(Mr Whetnall) I would like to write to you about that, because I am not quite clear on that point.

  168. If you could; because I think there is considerable concern. It seems odd that in one code you give an exemption for a particular group of people, and yet throughout the rest of the codes, as I understand it, you do not give people an exemption?
  (Mr Whetnall) I would like to look into that.

  Chairman: Right.

Mrs Ellman

  169. Could you explain, how would a conflict be resolved between the community strategy, set by the Local Strategic Partnership, and the policy set by the local authority?
  (Mr Whetnall) One would hope it would get resolved before one of the two things got fixed, because the local authority will always be a member of the Local Strategic Partnership, not always leading it, and a large part of the business is to bring partners together so they see eye to eye on objectives, priorities, and resolving conflicts that way.

  170. But if there were to be a conflict; have you never thought of that possibility?
  (Mr Whetnall) There are such things as unresolved conflicts, I am sure. Is this particularly in a planning context you are thinking of?

  171. I am asking you, initially, in a general way, in that there is a specific planning issue because the Planning Green Paper says the community strategy sets the overall policies, which suggests the council has dominance over the local partnership. But I am asking you that in a general context, first; and it has all been given to this in the Department?
  (Mr Whetnall) That is a Green Paper, and we will be talking to our colleagues as they move forward to legislation.

  172. In general terms, has any thought been given in the Department to a conflict between the council's community strategy and the Local Strategic Partnership strategy?
  (Mr Whetnall) As I say, a large part of the art of partnership is about resolving conflicts. If you end up with two documents that say opposite things,—

  173. Has any thought been given in the Department to resolving such a conflict, or has it never been thought there could be a conflict?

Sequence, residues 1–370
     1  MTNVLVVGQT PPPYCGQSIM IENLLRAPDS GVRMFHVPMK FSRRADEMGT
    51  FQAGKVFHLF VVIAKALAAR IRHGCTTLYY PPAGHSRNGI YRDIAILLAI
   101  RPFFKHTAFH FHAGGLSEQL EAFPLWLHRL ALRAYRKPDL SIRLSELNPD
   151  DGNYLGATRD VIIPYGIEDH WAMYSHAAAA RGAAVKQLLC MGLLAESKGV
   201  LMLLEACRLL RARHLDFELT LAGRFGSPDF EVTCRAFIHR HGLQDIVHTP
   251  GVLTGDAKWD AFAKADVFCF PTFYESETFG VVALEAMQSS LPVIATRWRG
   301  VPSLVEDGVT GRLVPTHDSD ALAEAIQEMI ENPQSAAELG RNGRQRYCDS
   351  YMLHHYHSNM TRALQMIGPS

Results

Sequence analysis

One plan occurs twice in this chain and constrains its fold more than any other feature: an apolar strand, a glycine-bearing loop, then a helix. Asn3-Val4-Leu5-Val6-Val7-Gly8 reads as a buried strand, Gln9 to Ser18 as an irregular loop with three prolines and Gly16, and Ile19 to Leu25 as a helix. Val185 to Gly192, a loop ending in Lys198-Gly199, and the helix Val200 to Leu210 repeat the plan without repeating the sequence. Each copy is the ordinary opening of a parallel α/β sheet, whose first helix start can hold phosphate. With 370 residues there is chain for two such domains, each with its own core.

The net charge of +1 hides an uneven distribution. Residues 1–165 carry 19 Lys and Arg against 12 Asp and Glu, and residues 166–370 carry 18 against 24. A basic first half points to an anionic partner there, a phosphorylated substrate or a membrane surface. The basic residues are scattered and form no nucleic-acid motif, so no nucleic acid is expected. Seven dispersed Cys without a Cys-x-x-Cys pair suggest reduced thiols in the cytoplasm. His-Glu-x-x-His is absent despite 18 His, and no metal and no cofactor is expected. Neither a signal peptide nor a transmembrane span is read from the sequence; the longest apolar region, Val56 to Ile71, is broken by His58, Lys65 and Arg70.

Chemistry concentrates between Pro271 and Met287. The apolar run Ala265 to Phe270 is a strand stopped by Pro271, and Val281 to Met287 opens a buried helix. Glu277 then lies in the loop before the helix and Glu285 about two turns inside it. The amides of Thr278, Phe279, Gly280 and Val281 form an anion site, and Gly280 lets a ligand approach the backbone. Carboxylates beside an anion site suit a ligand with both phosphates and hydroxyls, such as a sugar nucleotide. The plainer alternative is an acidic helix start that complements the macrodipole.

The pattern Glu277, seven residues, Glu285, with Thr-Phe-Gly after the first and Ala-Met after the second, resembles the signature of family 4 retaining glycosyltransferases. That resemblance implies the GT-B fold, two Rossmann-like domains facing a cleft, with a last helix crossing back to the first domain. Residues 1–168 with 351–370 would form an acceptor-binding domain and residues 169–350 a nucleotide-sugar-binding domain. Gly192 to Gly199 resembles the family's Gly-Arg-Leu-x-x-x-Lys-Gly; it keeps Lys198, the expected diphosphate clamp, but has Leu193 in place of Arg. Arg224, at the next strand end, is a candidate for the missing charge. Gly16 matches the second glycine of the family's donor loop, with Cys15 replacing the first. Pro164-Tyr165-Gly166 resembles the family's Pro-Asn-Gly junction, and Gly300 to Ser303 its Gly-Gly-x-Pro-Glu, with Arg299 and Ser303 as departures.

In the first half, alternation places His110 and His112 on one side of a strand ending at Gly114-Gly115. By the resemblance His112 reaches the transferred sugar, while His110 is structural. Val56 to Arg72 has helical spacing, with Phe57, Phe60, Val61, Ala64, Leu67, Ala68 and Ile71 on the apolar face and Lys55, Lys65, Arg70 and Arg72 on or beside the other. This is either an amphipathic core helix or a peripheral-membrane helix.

(Mr Whetnall) I am sure, lots of conflicts which will remain a tension; but as to a head-on opposition of views,—

  174. You are telling us it has not been considered?
  (Mr Whetnall) The council's role should be sufficient not to get into that position, I think.

  175. So are you saying then the Department have not considered resolution of such a conflict?
  (Mr Whetnall) There is material in the guidance on LSPs about resolving conflicts.

  176. How would those specific conflicts be resolved then?
  (Mr Whetnall) I must say, I find it a rather abstract question to deal with, just like that. There is no way of saying that—

  177. I do not think it is very abstract at all. You have a local authority which might develop one policy and a Local Strategic Partnership, where the council is a member, and set out in guidance not to be a dominant member after the first year, which could have a different policy; now what you are saying suggests that the Department have not considered the possibility of those two clashing?
  (Mr Whetnall) We have not got as far as issuing guidance on the issue, that may be true.

  178. Right; thank you. Now that goes some way to answering it. How would Local Strategic Partnerships be held accountable to the local electorate; have you ever considered that, or do you think it does not matter?
  (Mr Whetnall) I do not think it does not matter. Again, in Local Strategic Partnerships, there is an issue again about the balance between too much guidance and too little; but the guidance that exists is certainly encouraging the partnerships to be inclusive, to be in touch with and receptive to a wide range of opinion, and for the council to find ways of making sure their democratic principles make a contribution.

  179. Why is Department activity on Local Strategic Partnerships led within the Neighbourhood Renewal Unit, a different section from that which deals with local government?
  (Mr Whetnall) The Neighbourhood Renewal Unit has a particular role on especially the 88 LSPs in areas which receive money from the Neighbourhood Renewal Fund, and, with Government Offices, they have had a role in accreditation in those areas, to make sure that the policy on the money and the policy on the partnership is in line. They do not have such a high profile in the rest of the country, and we simply have to work together with them, to make sure that the results are not incompatible.